Psoriasis is a chronic inflammatory skin disease associated with increased cardiovascular morbidity and mortality. The Framingham risk score is a validated and composite measurement that predicts the absolute risk of developing major cardiovascular events at 5 and 10 years. The objective of this study was to estimate the Framingham cardiovascular risk score in patients with psoriasis. A cross-sectional study in 234 adult patients with psoriasis and 234 age- and gender-matched patients with skin diseases other than psoriasis was performed. The Framingham risk score includes age, gender, total cholesterol, high-density lipoprotein cholesterol, systolic blood pressure, smoking status, and diabetes mellitus. Framingham risk score was significantly higher in patients with psoriasis than in controls at 5 years (mean ± SD 5.3 ± 4.4 vs 3.4 ± 3.3, p <0.001) and at 10 years (11.2 ± 8.1 vs 7.3 ± 6.3, p <0.001). The risk was higher for patients >50 years of age. Patients with psoriasis were more frequently smokers and diabetics and had more commonly atherogenic dyslipidemia than controls (p <0.05). Presence of psoriasis was independently associated with a higher Framingham score (coefficient 1.6, 95% confidence interval [CI] 0.6 to 2.5, p = 0.001). There was no correlation between severity or duration of psoriasis and Framingham risk score (coefficient 0.009, 95% CI -0.02 to 0.04, p = 0.6; coefficient 0.02, 95% CI 0.007 to 0.04, p = 0.7, respectively). In conclusion, patients with psoriasis have an intermediate risk of developing major cardiovascular events and thus interventions aimed to correct modifiable cardiovascular risk factors are warranted.

Usefulness of the Framingham risk score in patients with chronic psoriasis

GISONDI, Paolo;FARINA, Stefania;GIORDANO, Maria Vittoria;GIROLOMONI, Giampiero
2010-01-01

Abstract

Psoriasis is a chronic inflammatory skin disease associated with increased cardiovascular morbidity and mortality. The Framingham risk score is a validated and composite measurement that predicts the absolute risk of developing major cardiovascular events at 5 and 10 years. The objective of this study was to estimate the Framingham cardiovascular risk score in patients with psoriasis. A cross-sectional study in 234 adult patients with psoriasis and 234 age- and gender-matched patients with skin diseases other than psoriasis was performed. The Framingham risk score includes age, gender, total cholesterol, high-density lipoprotein cholesterol, systolic blood pressure, smoking status, and diabetes mellitus. Framingham risk score was significantly higher in patients with psoriasis than in controls at 5 years (mean ± SD 5.3 ± 4.4 vs 3.4 ± 3.3, p <0.001) and at 10 years (11.2 ± 8.1 vs 7.3 ± 6.3, p <0.001). The risk was higher for patients >50 years of age. Patients with psoriasis were more frequently smokers and diabetics and had more commonly atherogenic dyslipidemia than controls (p <0.05). Presence of psoriasis was independently associated with a higher Framingham score (coefficient 1.6, 95% confidence interval [CI] 0.6 to 2.5, p = 0.001). There was no correlation between severity or duration of psoriasis and Framingham risk score (coefficient 0.009, 95% CI -0.02 to 0.04, p = 0.6; coefficient 0.02, 95% CI 0.007 to 0.04, p = 0.7, respectively). In conclusion, patients with psoriasis have an intermediate risk of developing major cardiovascular events and thus interventions aimed to correct modifiable cardiovascular risk factors are warranted.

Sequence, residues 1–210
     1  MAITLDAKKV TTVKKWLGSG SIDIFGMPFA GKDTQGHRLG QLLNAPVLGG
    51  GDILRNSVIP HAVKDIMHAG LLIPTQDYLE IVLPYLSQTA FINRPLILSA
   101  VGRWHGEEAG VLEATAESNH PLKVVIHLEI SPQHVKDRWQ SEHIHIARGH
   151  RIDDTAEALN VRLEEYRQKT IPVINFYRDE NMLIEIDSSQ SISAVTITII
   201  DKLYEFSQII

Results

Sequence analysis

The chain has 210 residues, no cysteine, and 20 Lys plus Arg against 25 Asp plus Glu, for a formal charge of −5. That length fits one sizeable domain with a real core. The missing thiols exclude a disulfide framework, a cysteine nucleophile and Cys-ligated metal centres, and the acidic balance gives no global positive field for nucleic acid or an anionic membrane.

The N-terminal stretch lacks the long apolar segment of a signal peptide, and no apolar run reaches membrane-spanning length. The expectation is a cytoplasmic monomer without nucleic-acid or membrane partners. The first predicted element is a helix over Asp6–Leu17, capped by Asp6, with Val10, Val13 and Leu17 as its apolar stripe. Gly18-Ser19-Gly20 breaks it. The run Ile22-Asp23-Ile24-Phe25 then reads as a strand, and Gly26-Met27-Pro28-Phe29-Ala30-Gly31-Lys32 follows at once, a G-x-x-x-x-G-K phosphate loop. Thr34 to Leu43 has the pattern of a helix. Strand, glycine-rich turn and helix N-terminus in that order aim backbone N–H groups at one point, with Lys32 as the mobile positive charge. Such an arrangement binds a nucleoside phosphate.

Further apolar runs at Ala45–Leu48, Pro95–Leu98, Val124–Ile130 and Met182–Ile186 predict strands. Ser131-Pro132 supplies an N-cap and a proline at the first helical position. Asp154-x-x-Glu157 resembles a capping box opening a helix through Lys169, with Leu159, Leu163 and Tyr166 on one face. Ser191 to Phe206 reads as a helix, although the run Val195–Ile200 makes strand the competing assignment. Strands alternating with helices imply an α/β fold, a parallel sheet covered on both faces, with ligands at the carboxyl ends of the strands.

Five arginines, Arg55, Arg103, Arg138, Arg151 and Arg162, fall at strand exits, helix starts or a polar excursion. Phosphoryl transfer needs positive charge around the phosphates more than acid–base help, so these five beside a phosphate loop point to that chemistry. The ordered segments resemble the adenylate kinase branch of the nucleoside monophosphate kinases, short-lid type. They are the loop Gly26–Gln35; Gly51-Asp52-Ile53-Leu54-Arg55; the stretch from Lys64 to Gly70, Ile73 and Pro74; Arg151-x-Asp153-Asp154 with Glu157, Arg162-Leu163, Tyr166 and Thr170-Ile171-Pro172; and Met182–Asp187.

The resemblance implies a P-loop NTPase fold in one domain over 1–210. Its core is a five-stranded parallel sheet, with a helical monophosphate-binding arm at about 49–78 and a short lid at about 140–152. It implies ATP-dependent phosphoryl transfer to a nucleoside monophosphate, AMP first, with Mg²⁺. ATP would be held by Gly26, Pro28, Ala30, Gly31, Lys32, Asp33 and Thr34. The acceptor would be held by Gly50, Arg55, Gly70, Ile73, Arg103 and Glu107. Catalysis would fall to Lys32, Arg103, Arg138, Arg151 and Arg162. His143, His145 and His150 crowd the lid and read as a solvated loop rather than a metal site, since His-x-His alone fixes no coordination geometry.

2010
framingham score; psoriasis; cardiovascular disease
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Utilizza questo identificativo per citare o creare un link a questo documento: https://hdl.handle.net/11562/347275
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